Managing mobile costs is one of those meaty issues that most people can share more than a few stories about. Whether it is the PA in HR who was running up bills of £500 a month calling her aunty in Australia, or the guy in sales who though it was OK to download a few episodes of Top Gear to pass some time while he was trying to …
If people would just do as they are told
there wouldnt be a problem. But you cant tell an englishman to not use his phone for personal use, and expect them to not use their phone for personal use. I dont think that they are capable of simple intruction.
One organisation I know...
.. has an arrangement where you dial a prefix for personal calls, which are then charged to you.
Anyone found making personal calls without using the prefix had better start sprucing up their CV.
The handsets I've seen staff using are not smartphones, so I assume it's done on the network end by the telco.
"But, at the end of the day, we have to export the information to Excel and do the analysis ourselves."
No you don't. Get the data into a CSV file, or (better) an SQL database, and you can use half a page of Perl code to do the analysis for you.
The use of a mobile phone for personal use (as long as only one mobile phone is issued) is no longer a taxable benefit, so it's pointless.
I worked in a company where you were told to add a * at the end of the dialled number and then you'd have the cost deducted from your pay. I think it took 18 months of working with Vodafone and internal IT to make this happen - this was when HMRC announced that using a mobile for personal use would mean £200 in taxable benefit.
It's no longer worth it. If you use a manual process to look at 10% of the highest bills every month, this will send out a message that people need to be sensible.
Unfortunately being able to separate business from personal calls via a bill is nigh-on impossible and pretty unenforceable, certainly within my company. With a 24/7 workforce who have to deal with many external suppliers, subcontractors and other 3rd parties, being able to reconcile this correlation of personal vs private usage based simply on a phone number is simply impossible. And asking staff to identify which is which themselves is OK, but needs to be incentivised to encourage its use, and I've yet to see any mobile supplier offer anything to support this.
Definately not impossible!!
I work for a company that provides this service. My earlier post must have been blocked because I inluded a phone number and link to our site.
Our software accessable via a web portal, uses suppliers CSV call data to produce itemised billing. Users can log on and tag their calls as personal or business. The calls can default to personal or business depending on customer preference, time of day or any other criteria.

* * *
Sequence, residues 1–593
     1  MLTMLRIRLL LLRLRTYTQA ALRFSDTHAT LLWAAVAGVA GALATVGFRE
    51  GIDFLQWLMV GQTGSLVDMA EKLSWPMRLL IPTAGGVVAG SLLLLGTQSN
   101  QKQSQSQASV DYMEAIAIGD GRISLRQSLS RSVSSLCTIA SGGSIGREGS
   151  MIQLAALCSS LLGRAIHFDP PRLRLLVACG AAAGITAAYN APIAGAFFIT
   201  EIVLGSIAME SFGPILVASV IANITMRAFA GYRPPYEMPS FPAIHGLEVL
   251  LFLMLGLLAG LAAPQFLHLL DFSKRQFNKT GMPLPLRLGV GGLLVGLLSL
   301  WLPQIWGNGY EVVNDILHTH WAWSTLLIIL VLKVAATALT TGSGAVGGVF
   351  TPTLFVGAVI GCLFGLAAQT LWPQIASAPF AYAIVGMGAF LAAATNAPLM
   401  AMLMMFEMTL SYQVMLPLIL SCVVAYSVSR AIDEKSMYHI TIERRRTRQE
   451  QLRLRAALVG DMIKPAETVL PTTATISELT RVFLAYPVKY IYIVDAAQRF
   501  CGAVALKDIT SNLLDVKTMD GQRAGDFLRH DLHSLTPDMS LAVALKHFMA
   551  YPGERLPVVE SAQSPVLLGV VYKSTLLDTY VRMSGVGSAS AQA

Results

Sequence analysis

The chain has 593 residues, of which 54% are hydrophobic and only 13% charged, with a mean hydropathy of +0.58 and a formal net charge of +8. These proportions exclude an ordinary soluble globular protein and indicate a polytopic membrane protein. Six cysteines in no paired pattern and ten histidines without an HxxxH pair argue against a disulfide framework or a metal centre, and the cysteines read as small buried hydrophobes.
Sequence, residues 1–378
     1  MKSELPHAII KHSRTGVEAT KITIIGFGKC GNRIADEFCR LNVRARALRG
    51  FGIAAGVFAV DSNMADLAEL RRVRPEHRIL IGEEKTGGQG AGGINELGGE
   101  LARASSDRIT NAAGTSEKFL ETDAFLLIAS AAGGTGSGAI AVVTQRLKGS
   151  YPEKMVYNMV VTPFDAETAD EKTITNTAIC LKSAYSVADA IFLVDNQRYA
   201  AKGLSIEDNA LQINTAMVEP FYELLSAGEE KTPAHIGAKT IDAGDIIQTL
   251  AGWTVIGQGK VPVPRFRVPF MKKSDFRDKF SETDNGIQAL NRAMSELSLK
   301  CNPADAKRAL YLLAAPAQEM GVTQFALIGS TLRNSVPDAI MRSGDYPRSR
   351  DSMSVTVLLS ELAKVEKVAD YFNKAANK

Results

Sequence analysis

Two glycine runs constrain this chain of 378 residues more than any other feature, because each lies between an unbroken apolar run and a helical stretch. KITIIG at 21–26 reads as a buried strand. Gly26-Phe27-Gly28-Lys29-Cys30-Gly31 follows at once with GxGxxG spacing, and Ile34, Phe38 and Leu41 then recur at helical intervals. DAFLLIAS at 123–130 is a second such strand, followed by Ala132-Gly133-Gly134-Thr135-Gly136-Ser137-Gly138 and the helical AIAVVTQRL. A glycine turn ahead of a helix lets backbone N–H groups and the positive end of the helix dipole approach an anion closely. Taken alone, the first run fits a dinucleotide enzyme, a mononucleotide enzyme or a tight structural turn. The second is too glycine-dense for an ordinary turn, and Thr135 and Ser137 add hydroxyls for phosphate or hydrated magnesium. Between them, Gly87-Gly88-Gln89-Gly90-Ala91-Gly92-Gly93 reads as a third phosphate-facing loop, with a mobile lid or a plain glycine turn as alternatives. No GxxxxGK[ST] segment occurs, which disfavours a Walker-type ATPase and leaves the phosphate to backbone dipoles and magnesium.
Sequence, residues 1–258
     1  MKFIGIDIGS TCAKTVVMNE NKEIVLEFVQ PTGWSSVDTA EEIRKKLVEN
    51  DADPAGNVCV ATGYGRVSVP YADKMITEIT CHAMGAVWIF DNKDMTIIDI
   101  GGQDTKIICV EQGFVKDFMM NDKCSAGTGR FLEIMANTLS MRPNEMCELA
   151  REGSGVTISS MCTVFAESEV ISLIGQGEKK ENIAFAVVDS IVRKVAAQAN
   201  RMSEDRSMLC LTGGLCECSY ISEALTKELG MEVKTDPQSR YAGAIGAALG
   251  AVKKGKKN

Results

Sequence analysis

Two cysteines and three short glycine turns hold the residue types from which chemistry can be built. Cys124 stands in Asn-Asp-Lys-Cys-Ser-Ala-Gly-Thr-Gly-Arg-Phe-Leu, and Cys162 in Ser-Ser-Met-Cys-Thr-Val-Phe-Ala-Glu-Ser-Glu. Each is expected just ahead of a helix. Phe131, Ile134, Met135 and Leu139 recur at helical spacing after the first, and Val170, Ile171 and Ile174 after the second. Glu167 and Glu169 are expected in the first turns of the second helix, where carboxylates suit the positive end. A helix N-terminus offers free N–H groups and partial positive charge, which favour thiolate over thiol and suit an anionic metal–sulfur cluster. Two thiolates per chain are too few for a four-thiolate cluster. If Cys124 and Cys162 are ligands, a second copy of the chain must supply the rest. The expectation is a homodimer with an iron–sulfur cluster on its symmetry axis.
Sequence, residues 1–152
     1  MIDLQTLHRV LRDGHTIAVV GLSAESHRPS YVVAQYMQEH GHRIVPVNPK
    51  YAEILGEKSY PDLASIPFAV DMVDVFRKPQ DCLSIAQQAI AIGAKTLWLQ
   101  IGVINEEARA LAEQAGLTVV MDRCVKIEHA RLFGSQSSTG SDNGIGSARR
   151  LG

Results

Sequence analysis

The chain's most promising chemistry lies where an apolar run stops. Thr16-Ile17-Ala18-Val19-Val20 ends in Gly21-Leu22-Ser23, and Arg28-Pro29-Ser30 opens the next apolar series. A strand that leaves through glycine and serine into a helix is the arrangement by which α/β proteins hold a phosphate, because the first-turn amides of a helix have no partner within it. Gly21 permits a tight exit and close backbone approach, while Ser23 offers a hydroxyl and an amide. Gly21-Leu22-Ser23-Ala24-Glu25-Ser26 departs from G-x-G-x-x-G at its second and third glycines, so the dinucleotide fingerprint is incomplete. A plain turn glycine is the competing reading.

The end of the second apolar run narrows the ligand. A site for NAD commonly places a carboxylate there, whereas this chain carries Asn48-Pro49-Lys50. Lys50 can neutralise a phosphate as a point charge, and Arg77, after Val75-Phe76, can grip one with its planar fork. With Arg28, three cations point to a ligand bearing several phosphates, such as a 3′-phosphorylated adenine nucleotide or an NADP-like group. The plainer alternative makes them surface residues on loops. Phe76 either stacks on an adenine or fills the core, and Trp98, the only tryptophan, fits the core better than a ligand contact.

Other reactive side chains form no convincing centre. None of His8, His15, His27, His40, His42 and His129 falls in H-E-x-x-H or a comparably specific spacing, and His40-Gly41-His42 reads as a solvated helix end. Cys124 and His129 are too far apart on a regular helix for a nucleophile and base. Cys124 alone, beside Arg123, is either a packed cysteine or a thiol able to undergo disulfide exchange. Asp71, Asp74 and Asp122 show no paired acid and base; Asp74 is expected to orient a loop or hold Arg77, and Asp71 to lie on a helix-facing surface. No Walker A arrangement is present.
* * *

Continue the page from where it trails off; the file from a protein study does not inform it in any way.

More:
The system also includes a method to allow mangers to approve personal calls and a method for administrators to manage the payment for these personal calls.
This process has saved some of our customers tens of thousands of pounds a year.
It is possible and it is worthwhile.
Its worse than that Jim... telecoms billing has a long established tradition of hole filling.
This is where when data for a period is lost (it happens a lot!) the billing management team take call data for a similar period and use this to "fill the hole" and hope the client(s) are too stupid to notice. If you catch them out they refund the call charges but you really need itemised billing and some nice software to do detect this.
And yes we do this as a service for *some* customers :-)
Also it is worth running standard telco reporting software on your phone logs - many years ago we were running said stats on our own phone system and caught a contractor working for us calling his family in SAfrica for hours instead of doing his work. His contract was not renewed and his reference from us was very carefully worded.
A report we ran for a large bank found one office phone made a long duration overseas call costing (then) thousands. The customer investigated and was happy with the "exception" report. Evidently the guy dealt with asian share prices and had the cleaner press auto dial on his phone every monday morning at 6am - until it connected - the speakerphone was left running an audio "ticker tape" until he finished his weeks work because if he hung up it was hell getting reconnected.
IMHO Telco billing is seriously fun stuff.
How about companies stop being miserly gits and actually focus on improving the lives of their employees such as not pestering them about making a couple of calls.
Soon as I get my megacorp of the ground its going to be Arcologies all round, structured exercise activities, relaxation time and matchmaking services.
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